Building Strategic Relationships to Strengthen Your Community Leadership

This was the second of my 2 half day sessions today and focused on strategic partnerships.  Again I met some great civic leaders from around the country.  This session actually focused quite a bit on networking and communicating in your community.

This class repeated something that I heard years ago and try to remember, and that is the need to communicate with your constituents.  This website and any other number of items including my guest columns and letters are aimed at communicating my positions and goals.

One interesting statement is that cities really have only three ways to get what they want or need.  They can build it, buy it, or partner to get it.  In Rochester we have been very progressive in doing the third.  There was also much discussion about being a good partner and this is where Rochester (and sometimes our partners) could use some work.  There have been some organizations that view partnership with the city as they make money and we supply it.  We can do better than that.

I think 2011 will begin the era of increased local partnerships.  Not just with Mayo, the University and the City, but with the county, school board, MN-DOT, local businesses.  County Commissioner Judy Ohly, in her leadership on the Library negotiations showed what a difference a responsible caring leader can make.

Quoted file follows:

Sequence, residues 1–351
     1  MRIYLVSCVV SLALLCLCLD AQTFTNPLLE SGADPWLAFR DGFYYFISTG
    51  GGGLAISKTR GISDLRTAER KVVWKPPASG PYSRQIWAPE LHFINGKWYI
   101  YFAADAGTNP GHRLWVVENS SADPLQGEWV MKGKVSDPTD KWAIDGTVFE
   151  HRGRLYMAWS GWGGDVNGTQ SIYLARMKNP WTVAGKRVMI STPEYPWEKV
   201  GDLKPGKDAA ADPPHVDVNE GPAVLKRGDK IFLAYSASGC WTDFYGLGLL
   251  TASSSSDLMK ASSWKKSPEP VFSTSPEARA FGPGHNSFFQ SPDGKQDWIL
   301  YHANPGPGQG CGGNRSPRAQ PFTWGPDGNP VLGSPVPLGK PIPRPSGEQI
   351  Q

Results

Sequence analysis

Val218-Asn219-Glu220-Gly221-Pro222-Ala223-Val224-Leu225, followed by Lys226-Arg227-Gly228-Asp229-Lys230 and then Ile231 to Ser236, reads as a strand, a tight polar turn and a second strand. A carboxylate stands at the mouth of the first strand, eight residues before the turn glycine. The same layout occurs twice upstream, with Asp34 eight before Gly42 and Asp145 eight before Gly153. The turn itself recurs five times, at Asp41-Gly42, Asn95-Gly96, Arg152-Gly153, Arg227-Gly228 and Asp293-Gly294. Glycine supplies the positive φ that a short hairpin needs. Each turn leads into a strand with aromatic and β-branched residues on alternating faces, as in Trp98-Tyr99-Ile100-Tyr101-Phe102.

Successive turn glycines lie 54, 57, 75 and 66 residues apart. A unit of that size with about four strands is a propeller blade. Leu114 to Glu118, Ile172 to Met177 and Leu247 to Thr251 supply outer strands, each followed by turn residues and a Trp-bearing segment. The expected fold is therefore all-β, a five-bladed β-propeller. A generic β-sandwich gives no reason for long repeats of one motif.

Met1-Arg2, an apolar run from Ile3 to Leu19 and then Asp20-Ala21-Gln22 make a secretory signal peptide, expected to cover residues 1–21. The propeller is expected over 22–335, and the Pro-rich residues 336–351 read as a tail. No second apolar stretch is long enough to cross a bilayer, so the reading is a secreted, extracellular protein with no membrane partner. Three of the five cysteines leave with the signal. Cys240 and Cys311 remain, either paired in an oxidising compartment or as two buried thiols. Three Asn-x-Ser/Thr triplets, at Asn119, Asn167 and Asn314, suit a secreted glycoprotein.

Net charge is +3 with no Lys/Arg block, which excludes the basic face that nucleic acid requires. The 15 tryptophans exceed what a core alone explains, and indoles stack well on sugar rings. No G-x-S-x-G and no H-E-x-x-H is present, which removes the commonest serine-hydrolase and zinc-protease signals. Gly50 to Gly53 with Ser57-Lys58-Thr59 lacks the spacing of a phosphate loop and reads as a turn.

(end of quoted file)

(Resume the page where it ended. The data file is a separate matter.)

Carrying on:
In the future we will need to eliminate overlap in areas like HR, IT, Finance, Parks, Libraries, Arts, Public Works, and Facilities.  In order to do this we will need trust, what we will struggle with is building that trust.  I think we are approaching a point, particularly with the City and the County where a majority are truly looking to partner.  If we can’t do these partnerships, we will end up a city that only does police, fire, and streets.  I would not want to live in that community and neither would the young talented well educated professionals that will make or break our future.

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